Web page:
This document contains much sought after information regarding the modelling of Canadian Tribals class destroyers and in particular, HMCS HAIDA.


There are no known sources for HAIDA's deck plans at this time.



A 1/350 scale model of HAIDA is now available from Resin Shipyards.
For an independent review of the model click here.

2)   Deans Marine is a popular company in the UK for 1/96th scale models.

3)  Australian Tribal class destroyers in 1/72nd scale are HMAS Arunta [1943] and HMAS Warramunga [1955]. They are available from APS Models in Australia.The contact address is APS Models, PO Box 5025, Gwandalan, NSW, 2259 Australia. Phone/Fax 0249-725-825.  Via George Peat e-mail: gpeat(at)

4) Links to other model resources and information can be found at  Task Force 72 Scale Model Ship Association Inc. in Australia.


In general, Canadian Ships of WWII used RN colours. Paint chips are available from Snyder and Short.

Books that show various RN camo measures are avaliable here:

Model paint based on these colours are available from White Ensign:


From August 1943 to February 1944 HAIDA wore the Home Fleet scheme which was blue and grey. In February 1944, she switched to Western Approaches Special Force Camouflage. Listed below are the paint formulas for the latter scheme:

Off White:  Humbrol #34
M id Grey Green: 110 drops of Humbrol #30 to one matte white.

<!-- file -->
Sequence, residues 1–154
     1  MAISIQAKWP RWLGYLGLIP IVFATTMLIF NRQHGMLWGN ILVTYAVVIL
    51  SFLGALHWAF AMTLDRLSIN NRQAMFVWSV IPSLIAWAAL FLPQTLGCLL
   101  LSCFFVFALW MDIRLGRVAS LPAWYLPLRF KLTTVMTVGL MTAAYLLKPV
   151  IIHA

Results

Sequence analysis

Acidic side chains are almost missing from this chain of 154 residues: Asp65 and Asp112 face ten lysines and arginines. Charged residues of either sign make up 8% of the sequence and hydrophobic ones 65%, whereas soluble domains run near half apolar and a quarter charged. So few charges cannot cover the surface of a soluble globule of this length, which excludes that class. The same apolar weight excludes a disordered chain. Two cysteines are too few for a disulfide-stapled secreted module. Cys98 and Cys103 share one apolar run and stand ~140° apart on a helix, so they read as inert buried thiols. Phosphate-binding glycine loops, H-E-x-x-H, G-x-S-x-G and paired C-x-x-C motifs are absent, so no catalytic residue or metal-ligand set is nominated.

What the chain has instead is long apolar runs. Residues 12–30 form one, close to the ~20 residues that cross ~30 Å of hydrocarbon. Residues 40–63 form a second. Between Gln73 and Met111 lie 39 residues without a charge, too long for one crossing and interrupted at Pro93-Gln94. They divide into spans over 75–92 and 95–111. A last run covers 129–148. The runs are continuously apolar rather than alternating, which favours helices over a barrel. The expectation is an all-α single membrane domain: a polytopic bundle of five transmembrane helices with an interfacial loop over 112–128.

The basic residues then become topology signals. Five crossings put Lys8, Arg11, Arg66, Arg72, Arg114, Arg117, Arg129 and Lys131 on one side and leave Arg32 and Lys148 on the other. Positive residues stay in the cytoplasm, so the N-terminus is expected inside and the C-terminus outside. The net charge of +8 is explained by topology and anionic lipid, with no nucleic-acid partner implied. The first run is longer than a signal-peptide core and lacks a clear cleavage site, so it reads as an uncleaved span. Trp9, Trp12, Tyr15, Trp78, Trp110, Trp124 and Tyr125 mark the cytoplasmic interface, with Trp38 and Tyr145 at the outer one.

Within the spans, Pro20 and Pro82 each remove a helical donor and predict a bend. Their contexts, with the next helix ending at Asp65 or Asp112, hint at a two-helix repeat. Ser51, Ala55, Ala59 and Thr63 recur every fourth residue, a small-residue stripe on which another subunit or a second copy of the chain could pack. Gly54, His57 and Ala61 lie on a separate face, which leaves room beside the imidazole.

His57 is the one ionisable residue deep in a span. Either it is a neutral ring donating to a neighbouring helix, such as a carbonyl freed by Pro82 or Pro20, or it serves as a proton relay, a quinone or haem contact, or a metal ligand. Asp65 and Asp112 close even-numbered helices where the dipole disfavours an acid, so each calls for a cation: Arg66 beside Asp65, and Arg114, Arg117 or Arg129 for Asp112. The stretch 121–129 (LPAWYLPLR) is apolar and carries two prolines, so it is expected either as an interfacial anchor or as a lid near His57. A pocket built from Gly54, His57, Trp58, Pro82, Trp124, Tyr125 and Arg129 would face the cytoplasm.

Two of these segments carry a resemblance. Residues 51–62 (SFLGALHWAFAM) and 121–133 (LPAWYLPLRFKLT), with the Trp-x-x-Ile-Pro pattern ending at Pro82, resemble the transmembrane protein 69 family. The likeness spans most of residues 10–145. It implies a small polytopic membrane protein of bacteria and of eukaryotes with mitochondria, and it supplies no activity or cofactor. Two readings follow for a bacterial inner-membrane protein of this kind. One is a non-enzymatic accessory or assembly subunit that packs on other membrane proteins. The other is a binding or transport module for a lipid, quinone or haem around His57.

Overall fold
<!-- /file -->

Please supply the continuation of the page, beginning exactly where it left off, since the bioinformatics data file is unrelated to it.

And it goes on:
Pale Blue: 15 drops of Humbrol #25 to one drop matte white
Dark Terracota: Humbrol #70.

The reason for the off white and pale blue at the forward end was to make them almost invisible when approaching head  on. The stern was dark so the ships could keep station on one another. This camouflage was pastel in nature to absorb light, rather than reflecting it. It worked. When Haida sank T-27 the Germans never saw them and thought they were  being shelled by a cruiser.


From time to time, people would like to build a model of the Iroquois and enquire about the paint scheme.

Iroquois was originally in a WA Scheme the colours being WA Blue and white, decks B30, masts white. She then went to a Light Admiralty Disruptive scheme the colours being 507A, B5 and 507C, decks G20, tops of masts and crowsnest white. In 1943 all ships wore a variation of the Special Home Fleet Destroyer Scheme. This is the scheme most of us are familiar with. Originally the scheme had two colours, B55 and white, then later went to three colours, G10, G45 and white. Next came a four colour version being G20, B30, G45 and white.

The scheme evolved a bit over this time frame as well and not all ships were exactly alike. In the second half of 1944, the Tribals went to a an Admiralty Standard (Light Tone) Scheme. Scheme A which was worn from May to October  had the hull panel B20, everything else G45, decks B15, steel decks G10. Scheme B from November to April, hull panel B30, the rest B55, decks same as A. This would be the best choice to be represented in a model. In October 1945, they and all other RCN ships were ordered "to be painted on next occasion as follows: warships - hull G10, superstructure B30".  In other words dark hull, light upperworks.